Monday, 24 March 2014

Escape from New York (1981)

There's little doubt that Escape from New York is a pretty bad film. It's got 'low rent' written all over it, from the nutty premise to the wildly implausible opening narration and on through the utterly incongruous synthpop intro music to the 'George Michael goes punk' appearance of its hero. While Kurt Russell ultimately proves pretty good in the role, the first appearance of Snake Plissken on screen always gives me the giggles. Despite - or perhaps because of - the rampant silliness on display, I like the movie.

So the film begins by explaining to us that an explosion in the US crime rate led to the establishment of the entirety of Manhattan island as a maximum security prison, with a 50-foot high wall around it. Only prisoners go in, and nothing comes out. Because 'turn the most expensive real estate into the country into a prison' is the kind of thing that happens in this sort of picture. No way we could put a prison somewhere it wouldn't require 12 million people to move. Anyway, by means no-one will bother to explain, a lone terrorist seizes control of Air Force 1 and crashlands it inside this little amusement park. The president survives in his escape pod, but is quickly snatched by the criminals and hidden away.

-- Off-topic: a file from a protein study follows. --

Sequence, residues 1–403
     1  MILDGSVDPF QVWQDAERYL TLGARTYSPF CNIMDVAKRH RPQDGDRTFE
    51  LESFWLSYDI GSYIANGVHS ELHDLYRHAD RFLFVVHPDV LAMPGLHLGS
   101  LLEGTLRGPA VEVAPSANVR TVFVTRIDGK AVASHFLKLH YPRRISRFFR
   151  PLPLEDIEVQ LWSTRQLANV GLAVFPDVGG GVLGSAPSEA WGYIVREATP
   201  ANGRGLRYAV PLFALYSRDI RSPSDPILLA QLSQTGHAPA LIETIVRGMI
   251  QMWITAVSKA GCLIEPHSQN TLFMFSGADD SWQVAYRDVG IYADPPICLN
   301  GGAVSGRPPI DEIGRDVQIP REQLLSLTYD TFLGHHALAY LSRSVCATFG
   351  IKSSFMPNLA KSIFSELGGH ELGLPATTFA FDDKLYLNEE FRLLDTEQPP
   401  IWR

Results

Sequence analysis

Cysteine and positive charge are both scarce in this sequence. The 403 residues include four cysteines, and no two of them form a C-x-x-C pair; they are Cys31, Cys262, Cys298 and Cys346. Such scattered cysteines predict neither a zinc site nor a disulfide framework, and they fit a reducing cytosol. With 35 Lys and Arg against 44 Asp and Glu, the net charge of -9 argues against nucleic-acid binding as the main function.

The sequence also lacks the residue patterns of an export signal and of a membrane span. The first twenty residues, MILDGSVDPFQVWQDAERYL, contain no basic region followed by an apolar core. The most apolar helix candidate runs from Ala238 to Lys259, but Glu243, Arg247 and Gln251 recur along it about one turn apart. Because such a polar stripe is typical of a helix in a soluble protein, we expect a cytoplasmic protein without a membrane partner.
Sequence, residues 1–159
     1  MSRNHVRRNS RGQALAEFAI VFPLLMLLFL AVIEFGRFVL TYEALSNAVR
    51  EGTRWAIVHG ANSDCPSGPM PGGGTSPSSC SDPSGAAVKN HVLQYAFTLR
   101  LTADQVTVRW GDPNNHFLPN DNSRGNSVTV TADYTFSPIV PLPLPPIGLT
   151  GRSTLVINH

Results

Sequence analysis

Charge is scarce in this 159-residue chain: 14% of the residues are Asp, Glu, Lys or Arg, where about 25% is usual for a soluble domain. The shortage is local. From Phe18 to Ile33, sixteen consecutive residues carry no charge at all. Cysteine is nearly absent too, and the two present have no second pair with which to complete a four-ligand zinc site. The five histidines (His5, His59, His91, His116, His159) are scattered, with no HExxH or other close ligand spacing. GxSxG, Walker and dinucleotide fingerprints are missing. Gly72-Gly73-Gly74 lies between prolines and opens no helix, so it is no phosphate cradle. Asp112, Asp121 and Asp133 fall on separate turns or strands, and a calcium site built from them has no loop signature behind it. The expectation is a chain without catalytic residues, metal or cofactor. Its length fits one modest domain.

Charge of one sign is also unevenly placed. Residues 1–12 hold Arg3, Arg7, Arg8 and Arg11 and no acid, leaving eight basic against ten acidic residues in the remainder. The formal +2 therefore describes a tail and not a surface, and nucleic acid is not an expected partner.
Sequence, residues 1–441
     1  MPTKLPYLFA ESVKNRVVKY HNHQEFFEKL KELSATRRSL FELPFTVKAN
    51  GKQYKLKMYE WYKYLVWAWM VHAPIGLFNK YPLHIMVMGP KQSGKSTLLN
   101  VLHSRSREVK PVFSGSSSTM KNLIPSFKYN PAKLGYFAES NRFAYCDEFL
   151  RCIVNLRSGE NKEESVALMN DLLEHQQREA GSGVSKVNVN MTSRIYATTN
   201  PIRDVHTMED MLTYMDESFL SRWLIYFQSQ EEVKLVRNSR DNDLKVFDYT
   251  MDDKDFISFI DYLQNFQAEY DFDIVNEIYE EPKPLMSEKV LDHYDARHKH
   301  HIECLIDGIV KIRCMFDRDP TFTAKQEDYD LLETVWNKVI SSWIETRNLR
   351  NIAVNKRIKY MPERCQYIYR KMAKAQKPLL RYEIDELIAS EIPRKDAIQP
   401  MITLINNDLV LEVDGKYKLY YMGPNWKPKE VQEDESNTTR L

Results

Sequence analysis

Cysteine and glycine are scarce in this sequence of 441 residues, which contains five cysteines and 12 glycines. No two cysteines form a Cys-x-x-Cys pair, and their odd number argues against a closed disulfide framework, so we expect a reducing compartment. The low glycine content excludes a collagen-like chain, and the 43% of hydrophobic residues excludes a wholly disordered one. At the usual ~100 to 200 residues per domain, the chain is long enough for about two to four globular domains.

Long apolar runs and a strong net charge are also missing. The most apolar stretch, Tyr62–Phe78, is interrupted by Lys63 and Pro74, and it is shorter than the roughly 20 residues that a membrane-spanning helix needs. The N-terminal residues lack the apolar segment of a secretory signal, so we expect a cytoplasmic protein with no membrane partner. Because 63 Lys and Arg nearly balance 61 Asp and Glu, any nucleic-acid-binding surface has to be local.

Enter 'Snake' Plissken, ex-special forces operative turned criminal. He was just about to be sent into Manhattan Island prison and now he's offered a deal: rescue the president within 24 hours, and get a full pardon. Snake, having at least two brain cells to rub together, agrees. This launches an amusingly offbeat mission into the ruinous city-prison, where Snake will encounter - sometimes peacefully but more often otherwise - its many zany inhabitants. As a pro-wrestling nerd, Ox Baker's appearance as 'Slag' is a particular treat.

A strong cast really helps this film, with Harry Dean Stanton and Donald Pleasance in particular both doing very good work. Perhaps even more important is the irreverent and rebellious tone that it has. This is most definitely a film that doesn't put much stock in the authorities (unsurprising when you consider that the script was originally written as a response to the Watergate scandal).

Not a sensible film. Not even really a 'good' one, in many ways. But the cast commits to it, the script doesn't take itself too seriously, and it has just the right amount of attitude to strike a chord with a youthful audience. And also with middle-aged nerds, it seems!

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